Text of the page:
NOVEMBER 7, 2013 — With British taxpayers braced to receive more bad news on the costs of the two Queen Elizabeth class aircraft carriers, BAE Systems says it has reached agreement in principle with the U.K. Government on "measures to enable the implementation of a restructuring of its U.K. naval ships business."
The planned restructuring will see an end to shipbuilding in Portsmouth, England, with BAE Systems' shipbuilding operations being consolidated in Glasgow, Scotland. That has led to accusations that decisions have been influenced by next year's referendum on whether or not Scotland remains part of the U.K.
BAE Systems is a member of the Aircraft Carrier Alliance which is building the two ships. Its partners in the Alliance are Babock, Thales U.K. and the U.K. Ministry of Defense. BAE Systems Naval Ships is responsible for the majority of the hull build, with sections being built in Glasgow, Scotland, and Portsmouth, England, then being barged to Rosyth, Scotland for assembly into the completed ships. Other U.K. shipyards are also building some elements of the ship.
According to U.K. press reports, the price tag for the navy's new aircraft carriers is expected to top more than £6 billion, with defense secretary, Philip Hammond is expected to announce that the projected cost of the two carriers – which will not enter service until the end of the decade – has risen by a further £800 million to £6.2 billion: almost double the £3.5 billion estimated when the project was agreed by the Labour government in 2007.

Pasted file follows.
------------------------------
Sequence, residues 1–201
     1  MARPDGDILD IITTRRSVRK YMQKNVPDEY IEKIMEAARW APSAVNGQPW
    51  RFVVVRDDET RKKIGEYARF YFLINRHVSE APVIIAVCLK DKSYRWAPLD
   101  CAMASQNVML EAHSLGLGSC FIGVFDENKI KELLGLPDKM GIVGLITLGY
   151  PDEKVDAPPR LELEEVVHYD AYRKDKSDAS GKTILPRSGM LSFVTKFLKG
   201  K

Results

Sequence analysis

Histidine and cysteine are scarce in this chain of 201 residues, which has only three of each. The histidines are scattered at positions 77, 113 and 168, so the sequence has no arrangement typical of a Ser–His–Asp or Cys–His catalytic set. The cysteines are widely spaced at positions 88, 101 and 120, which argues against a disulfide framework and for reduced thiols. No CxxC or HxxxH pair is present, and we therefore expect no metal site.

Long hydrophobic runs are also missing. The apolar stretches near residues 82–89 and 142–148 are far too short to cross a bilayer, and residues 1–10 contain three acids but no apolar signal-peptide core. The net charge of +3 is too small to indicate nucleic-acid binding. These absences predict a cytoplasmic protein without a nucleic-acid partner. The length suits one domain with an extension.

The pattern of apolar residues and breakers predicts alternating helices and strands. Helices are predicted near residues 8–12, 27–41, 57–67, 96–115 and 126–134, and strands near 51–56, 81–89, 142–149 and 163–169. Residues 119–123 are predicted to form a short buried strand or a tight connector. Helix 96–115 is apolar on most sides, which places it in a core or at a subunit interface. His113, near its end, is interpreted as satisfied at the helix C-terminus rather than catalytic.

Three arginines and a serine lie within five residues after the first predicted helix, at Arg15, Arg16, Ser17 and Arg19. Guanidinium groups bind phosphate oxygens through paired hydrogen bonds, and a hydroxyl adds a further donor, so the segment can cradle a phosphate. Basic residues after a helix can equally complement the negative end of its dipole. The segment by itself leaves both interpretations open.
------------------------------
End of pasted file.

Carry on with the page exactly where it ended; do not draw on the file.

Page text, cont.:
The minister was expected to sweeten that pill by announcing that he has wrung various concessions from the Aircraft Carrier Alliance.
The measures BAE Systems has unveiled include "rationalization of the U.K. naval ship business to match future capacity requirements."
BAE Systems will consolidate its shipbuilding operations in Glasgow, Scotland. Shipbuilding operations at Portsmouth will cease in the second half of 2014. Lower Block 05 and Upper Blocks 07 and 14 of the second Queen Elizabeth Class Aircraft Carrier will be allocated to Glasgow.
Consultation will commence on a total employee reduction of 1,775 that is expected to result from these restructuring proposals, including 940 in Portsmouth in 2014 and 835 across Filton, Glasgow and Rosyth, progressively through to 2016.
BAE Systems says it "remains committed to continued investment in the Portsmouth area as the center of its Maritime Services and high-end naval equipment and combat systems business."
BAE Systems says the agreement it has provisionally agreed with the Government will result in:
Restructuring of the contract for the Queen Elizabeth Class Aircraft Carrier programme. Provision of additional shipbuilding work prior to the start of the Type 26 Global Combat Ships program .
In 2009, says BAE Systems, it "entered into a Terms of Business Agreement (ToBA) with the Ministry of Defense that provided an overarching framework for significant naval shipbuilding efficiency improvements in exchange for commitments to fund rationalization and sustainment of capability in the sector." It says that the just announced agreement, "together with an anticipated contract for the design and manufacture of the Type 26 Global Combat Ships program, will progressively replace that ToBA.